SPECIAL ANNOUNCEMENT:  I'll be on the 4th floor of Keller to answer questions on Sunday, April 20, from 4:30 pm to 6:30 pm.  The quizzes on Monday, April 21, cover 9.4 and 9.10.  The usual cheat sheet is allowed.  In 9.4 study problems 1-36.
SPECIAL ANNOUNCEMENT:  I'll be on the 4th floor of Keller to answer questions on Sunday, April 27, from 4:30 pm to 6:30 pm.  The quizzes on Monday, April 28, cover Sections 9.5 and 9.6.  Study problems 1-44 in 9.5 and 1-44 in 9.6.  The usual cheat sheet is allowed.
Suggested homework for Section 9.7:  problems 1-44.
Suggested homework problems in Chapter 9 for error estimation:  Section 9.3, problems 43 and 44; Section 9.6, problems 45-50; Section 9.9, problems 19-28, problems 42-43, problems 57-62.
SPECIAL ANNOUNCEMENT:  I'll be on the 4th floor of Keller to answer questions on Sunday, May 4, from 4:30 pm to 6:30 pm.  The quizzes on Monday, May 5, cover Section 9.7 and the three formulas for error estimation.  You can bring a one-page cheat sheet as before; with the quizzes there will be provided copies of the summaries of theorems about series (the same summary that was distributed in class).
Math 242
12:00-1:15
Tu-Thur
These are sections 7 and 8, with separate labs on Mondays.  Please see the department web pages for the course description and the departmental syllabus.  Here is the course syllabus for this particular course (in PDF format).  
Suggested homework for Section 7.1:  problems 13-18 and 40-43.  
Suggested homework for Section 7.2:  2, 4, 22, 24, 34, 36, 42, 44, 46, 54, 62, 64, 66, and 68.
Suggested homework for Section 7.3:  1 to 121.  Try to do as many as possible.   Maybe start with every sixth one, to get an overview of the possibilities.  Do more of any type that cause you difficulty.
Suggested homework for Section 7.4:  1 to 100.  Try to do as many as possible.  They are arranged in bunches of a similar type.  Try some from each type.  If you have trouble with that type, do more there.
SPECIAL ANNOUNCEMENT:  I'll be on the 4th floor of Keller, somewhere (an empty classrom I hope), to answer questions SUNDAY, Jan. 26 at 4:30.  If no one is there, I'll head home at 4:45.
Suggested homework for Section 7.5:  Sample problems 1-8 to test your understanding of when y(x) solves a particular DE; sample problems 9-18 to test your understanding of separable DEs.  Sample problems 19 to 41 to test your understanding of DE's that are y'=ky or closely related to y'=ky (like Newton's law of cooling).
Suggested homework for Section 7.6.  Sample problems from 1 to 63.
SPECIAL ANNOUNCEMENT:  I'll be on the 4th floor of Keller to answer questions from 4:30 to 6:30 pm on Sunday, Feb. 2.  The quizzes on Feb. 10 will cover Sections 7.4 and 7.5.
Suggested homework for Section 16.2:  problems 1-20 and 25-30.  This chapter is available for free at www.pearsonhighered.com/thomas
The following link at UHM has the answers for odd-numbered problems from Chapters 16 and 17:  http://www.math.hawaii.edu/~marvin/302/16.17.UC.textbook.pdf
SPECIAL ANNOUNCEMENT:  I'll be on the 4th floor of Keller to answer questions from 4:30 to 6:30 pm on Sunday, Feb. 9.  The quizzes on Feb. 10 will cover Sections 7.6 and 16.2.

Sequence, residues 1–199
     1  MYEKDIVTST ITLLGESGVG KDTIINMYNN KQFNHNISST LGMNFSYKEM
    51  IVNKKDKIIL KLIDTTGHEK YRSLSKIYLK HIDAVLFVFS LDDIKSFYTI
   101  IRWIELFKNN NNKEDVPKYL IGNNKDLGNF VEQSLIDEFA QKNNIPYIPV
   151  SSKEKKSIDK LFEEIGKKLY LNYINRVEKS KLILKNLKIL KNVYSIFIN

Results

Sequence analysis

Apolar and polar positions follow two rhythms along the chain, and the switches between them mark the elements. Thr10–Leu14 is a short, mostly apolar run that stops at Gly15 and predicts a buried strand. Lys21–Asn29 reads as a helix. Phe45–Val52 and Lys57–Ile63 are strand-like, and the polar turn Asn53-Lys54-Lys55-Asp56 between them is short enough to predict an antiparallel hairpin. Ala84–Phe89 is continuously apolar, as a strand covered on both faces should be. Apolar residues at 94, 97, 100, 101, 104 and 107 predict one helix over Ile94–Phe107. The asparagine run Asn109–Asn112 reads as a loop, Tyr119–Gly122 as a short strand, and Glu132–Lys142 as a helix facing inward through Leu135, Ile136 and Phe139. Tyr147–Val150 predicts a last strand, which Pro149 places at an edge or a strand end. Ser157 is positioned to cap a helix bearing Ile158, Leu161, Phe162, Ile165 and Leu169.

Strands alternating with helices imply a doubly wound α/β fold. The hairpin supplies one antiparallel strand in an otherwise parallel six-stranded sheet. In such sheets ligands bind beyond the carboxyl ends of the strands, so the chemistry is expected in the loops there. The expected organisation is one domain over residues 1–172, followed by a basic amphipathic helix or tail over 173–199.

Suggest homework for Section 8.1:  problems 1-30, 33-36 and 39-46.
Suggested homework for Section 8.2 (first and second day):  problems 1-38.
Suggested homework for Section 8.3:  problems 1-42.
SPECIAL ANNOUNCEMENT:  I'll be on the 4th floor of Keller to answer questions from 4:30 to 6:30 on Sunday, Feb. 23.  The quizzes on Feb. 24 will cover Sections 8.2 and 8.3.  To this quiz you can bring an 8.5 inch by 11 inch sheet of paper with notes on both sides.
Suggested homework for Section 8.4:  problems 1-46.
SPECIAL ANNOUNCEMENT:  I'll be on the 4th floor of Keller to answer questions 4:30 to 6:30 on Sunday, March 2.  The quizzes on March 3 will cover Section 8.4.  To this quiz you can bring an 8.5 inch by 11 inch sheet of paper with notes on both sides.
Suggested homework for Section 8.7:  problems 1-72.  We worked on problems 1-34 in class on Tuesday, March 11.
SPECIAL ANNOUNCEMENT:  I'll be on the 4th floor of Keller to answer questions on Sunday, March 16, from 4:30 to 6:30 pm.  The quizzes on March 17 will cover Section 8.7.  To this quiz you can bring an 8.5 inch by 11 inch sheet of paper with notes on both sides.
Suggested homework for Section 9.1:  problems 1-84.   There is a quiz on this section in the labs on Monday, March 31.  An 8.5 inch by 11 inch cheat sheet is allowed, both sides.
Suggested homework for Section 9.2:  problems 1-58.
Suggested homework for Section 9.8:  problems 1-28.
SPECIAL ANNOUNCEMENT:  I'll be on the 4th floor of Keller to answer questions on Sunday, April 6, from 4:30 to 6:30 pm.  The quizzes on April 7 are based on Section 9.2 and 9.8.  An 8.5 inch by 11 inch cheat sheet is allowed for the quizzes.
Suggest homework for Section 9.9:  problems 1-34 (eventually).  As of April 8, you should be able to do problems with sin, cos and exp.
Suggested homework for Section 9.3:  problems 1-32.
SPECIAL ANNOUNCEMENT:  I'll be on the 4th floor of Keller to answer questions on Sunday, April 13, from 4:30 to 6:30 pm.  The quizzes on April 14 are based on Section 9.3 and 9.9.  An 8.5 inch by 11 inch cheat sheet is allowed.  In 9.9, focus on problems that involve sin, cos, and exp.